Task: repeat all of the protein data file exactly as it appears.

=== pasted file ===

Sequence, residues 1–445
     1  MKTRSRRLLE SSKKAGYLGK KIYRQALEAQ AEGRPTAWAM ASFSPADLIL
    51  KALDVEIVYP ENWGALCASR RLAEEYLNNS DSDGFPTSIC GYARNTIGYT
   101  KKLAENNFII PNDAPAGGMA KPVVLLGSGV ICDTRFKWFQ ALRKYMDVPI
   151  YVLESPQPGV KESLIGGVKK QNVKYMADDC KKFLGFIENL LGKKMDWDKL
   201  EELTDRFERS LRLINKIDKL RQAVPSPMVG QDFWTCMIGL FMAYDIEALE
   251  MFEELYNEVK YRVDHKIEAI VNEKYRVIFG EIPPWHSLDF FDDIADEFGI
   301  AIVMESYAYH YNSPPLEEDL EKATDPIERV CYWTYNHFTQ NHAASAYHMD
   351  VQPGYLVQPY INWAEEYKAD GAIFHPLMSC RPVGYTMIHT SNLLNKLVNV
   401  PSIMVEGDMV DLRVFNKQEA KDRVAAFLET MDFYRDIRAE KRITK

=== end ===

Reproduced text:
Sequence, residues 1–445
     1  MKTRSRRLLE SSKKAGYLGK KIYRQALEAQ AEGRPTAWAM ASFSPADLIL
    51  KALDVEIVYP ENWGALCASR RLAEEYLNNS DSDGFPTSIC GYARNTIGYT
   101  KKLAENNFII PNDAPAGGMA KPVVLLGSGV ICDTRFKWFQ ALRKYMDVPI
   151  YVLESPQPGV KESLIGGVKK QNVKYMADDC KKFLGFIENL LGKKMDWDKL
   201  EELTDRFERS LRLINKIDKL RQAVPSPMVG QDFWTCMIGL FMAYDIEALE
   251  MFEELYNEVK YRVDHKIEAI VNEKYRVIFG EIPPWHSLDF FDDIADEFGI
   301  AIVMESYAYH YNSPPLEEDL EKATDPIERV CYWTYNHFTQ NHAASAYHMD
   351  VQPGYLVQPY INWAEEYKAD GAIFHPLMSC RPVGYTMIHT SNLLNKLVNV
   401  PSIMVEGDMV DLRVFNKQEA KDRVAAFLET MDFYRDIRAE KRITK